Presented by Vice Admiral Terry Benedict, U.S. Navy

Five decades ago, engineers like Tom Mullaney wrote reports on clacking typewriters and drew complex diagrams with paper and pencils. Computers? Mullaney used them, but they were refrigerator-sized machines with spinning tape spools and paper punch cards.
“The biggest change I’ve seen over the years is software use,” he said. “When I started at BAE Systems in 1968, you had to read thick instruction manuals and handbooks to fix a piece of equipment. Everything involved paper – you wouldn’t believe how much paper we used in those days. Today, you can download specific software on your laptop and use it to perform repairs without printing anything. It’s so much easier, faster, and more efficient.”
Over the years, Mullaney has watched and adjusted to many advances in technology while working on the fleet ballistic missile program run by the U.S. Navy’s Strategic Systems Programs (SSP) office. His ability to leverage technology to quickly and efficiently provide safety reviews and engineering is critical to supporting the TRIDENT II D-5 submarine-launched ballistic missiles – America’s most important nuclear deterrents.
In recognition of Mullaney’s expertise, experience, and leadership, the SSP recently presented him with the Fleet Ballistic Missile Lifetime Achievement Award, a coveted accolade in the ballistic missile community.
Q&A with Tom Mullaney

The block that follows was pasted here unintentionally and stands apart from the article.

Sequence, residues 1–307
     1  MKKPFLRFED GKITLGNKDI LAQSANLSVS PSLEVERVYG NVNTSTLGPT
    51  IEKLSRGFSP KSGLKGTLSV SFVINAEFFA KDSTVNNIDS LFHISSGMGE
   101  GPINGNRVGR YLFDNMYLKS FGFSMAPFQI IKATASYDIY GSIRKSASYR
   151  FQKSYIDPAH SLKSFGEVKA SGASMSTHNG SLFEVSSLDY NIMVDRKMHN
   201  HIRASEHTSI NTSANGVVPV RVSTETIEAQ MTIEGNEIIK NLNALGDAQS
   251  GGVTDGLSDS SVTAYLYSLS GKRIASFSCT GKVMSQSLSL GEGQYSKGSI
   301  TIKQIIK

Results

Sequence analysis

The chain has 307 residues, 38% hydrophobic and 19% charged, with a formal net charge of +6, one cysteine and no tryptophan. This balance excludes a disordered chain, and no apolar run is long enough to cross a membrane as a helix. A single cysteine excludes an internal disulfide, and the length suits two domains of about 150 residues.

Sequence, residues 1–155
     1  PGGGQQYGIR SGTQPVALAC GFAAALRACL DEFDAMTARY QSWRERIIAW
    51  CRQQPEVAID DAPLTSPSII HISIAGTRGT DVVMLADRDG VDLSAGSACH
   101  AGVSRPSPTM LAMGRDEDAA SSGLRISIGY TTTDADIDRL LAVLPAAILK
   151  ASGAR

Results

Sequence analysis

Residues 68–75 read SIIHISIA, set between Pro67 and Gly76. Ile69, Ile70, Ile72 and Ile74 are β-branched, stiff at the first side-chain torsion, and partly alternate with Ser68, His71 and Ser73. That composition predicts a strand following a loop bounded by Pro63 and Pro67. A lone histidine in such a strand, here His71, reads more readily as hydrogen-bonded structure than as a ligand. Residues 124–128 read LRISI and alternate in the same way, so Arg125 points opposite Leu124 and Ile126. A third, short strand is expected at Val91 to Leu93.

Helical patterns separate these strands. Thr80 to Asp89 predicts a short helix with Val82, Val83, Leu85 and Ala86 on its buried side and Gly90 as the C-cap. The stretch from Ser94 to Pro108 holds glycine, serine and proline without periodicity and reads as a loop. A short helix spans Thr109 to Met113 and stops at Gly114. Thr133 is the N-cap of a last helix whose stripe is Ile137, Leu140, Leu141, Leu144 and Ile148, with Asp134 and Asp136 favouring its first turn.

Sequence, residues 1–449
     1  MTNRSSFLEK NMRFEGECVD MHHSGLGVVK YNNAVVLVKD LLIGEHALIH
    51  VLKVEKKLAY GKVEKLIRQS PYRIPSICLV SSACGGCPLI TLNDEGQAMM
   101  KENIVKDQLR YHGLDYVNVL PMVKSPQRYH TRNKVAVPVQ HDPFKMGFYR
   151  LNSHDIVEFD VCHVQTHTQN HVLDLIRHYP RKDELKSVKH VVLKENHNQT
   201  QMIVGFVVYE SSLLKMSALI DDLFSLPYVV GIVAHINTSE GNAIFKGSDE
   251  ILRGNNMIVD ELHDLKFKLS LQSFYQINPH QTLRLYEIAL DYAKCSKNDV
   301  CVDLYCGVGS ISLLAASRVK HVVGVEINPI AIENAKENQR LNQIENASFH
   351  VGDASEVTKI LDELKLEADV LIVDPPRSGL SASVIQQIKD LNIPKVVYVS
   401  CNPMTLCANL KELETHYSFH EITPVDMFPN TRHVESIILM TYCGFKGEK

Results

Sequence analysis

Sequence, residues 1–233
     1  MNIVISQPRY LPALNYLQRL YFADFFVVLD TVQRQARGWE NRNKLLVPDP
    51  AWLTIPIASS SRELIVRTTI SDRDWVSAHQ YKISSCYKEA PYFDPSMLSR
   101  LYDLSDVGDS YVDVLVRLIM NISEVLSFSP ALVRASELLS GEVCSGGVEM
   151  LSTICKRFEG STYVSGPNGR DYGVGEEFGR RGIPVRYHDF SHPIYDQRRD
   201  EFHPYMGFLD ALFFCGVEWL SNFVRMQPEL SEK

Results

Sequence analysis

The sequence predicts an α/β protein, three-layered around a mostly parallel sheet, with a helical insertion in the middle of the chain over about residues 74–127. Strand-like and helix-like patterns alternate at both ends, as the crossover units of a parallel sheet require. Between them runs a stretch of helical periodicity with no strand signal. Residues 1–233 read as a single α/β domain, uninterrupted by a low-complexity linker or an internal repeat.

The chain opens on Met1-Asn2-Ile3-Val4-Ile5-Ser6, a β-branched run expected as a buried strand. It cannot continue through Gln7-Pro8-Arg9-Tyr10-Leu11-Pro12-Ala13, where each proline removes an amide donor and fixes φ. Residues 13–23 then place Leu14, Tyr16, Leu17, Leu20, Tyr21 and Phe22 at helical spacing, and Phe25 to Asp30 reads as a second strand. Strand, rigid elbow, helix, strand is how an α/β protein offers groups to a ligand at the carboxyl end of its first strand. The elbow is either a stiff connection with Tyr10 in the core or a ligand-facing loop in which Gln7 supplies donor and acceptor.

How does it feel to receive this award?
It’s very humbling. I feel privileged to have worked with a lot of smart, skilled people during my career. I’m part of a great team, so I can’t take credit for anything. I like to joke that my biggest accomplishment has been hanging around for so many years.
How did you get your job with BAE Systems?
In 1968, I left the Navy. I served for four years with aircraft squadrons aboard aircraft carriers off the coast of Vietnam. I didn’t know what I was going to do as a civilian.  Then, my dad, who worked for BAE Systems, told me the company was hiring and sent me an application. I filled it out, got an interview, and managed to talk myself into a job.
Did you know much about fleet ballistic missile systems?
No, but I was an aviation electrician’s mate in the Navy. Thanks to my electrical background, I knew about the wiring and cabling used on aircraft, which helped me with the submarine weapon systems cabling. I learned the rest on the job. It was a true baptism by fire.
You’ve been called a mentor and someone who enjoys sharing knowledge with his more junior co-workers. How does that make you feel?
When I started out, we had a lot of brilliant minds on board, but they were difficult to approach sometimes. If you had a question or needed to know something, you often had to find the answer yourself. I promised myself early on that if someone ever needed my help or asked me a question, I would try to answer it or send them to someone who knew the answer.
What’s been the most enjoyable part of your career?
Definitely the people. There’s a strong sense of family and teamwork, a lot like it was in the Navy. I’ve also enjoyed the challenge of learning – of getting better every day.
What are your future plans?
Well, I still love my job, and I’m still having fun. I’m healthy, so you guys should have me at BAE Systems for another couple of years.

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